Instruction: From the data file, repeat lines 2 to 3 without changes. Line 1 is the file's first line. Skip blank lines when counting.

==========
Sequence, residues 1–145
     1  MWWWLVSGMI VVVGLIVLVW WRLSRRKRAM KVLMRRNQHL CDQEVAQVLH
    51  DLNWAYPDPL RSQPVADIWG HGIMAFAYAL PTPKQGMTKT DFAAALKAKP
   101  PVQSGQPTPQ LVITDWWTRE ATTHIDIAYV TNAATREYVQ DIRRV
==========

     1  MWWWLVSGMI VVVGLIVLVW WRLSRRKRAM KVLMRRNQHL CDQEVAQVLH
    51  DLNWAYPDPL RSQPVADIWG HGIMAFAYAL PTPKQGMTKT DFAAALKAKP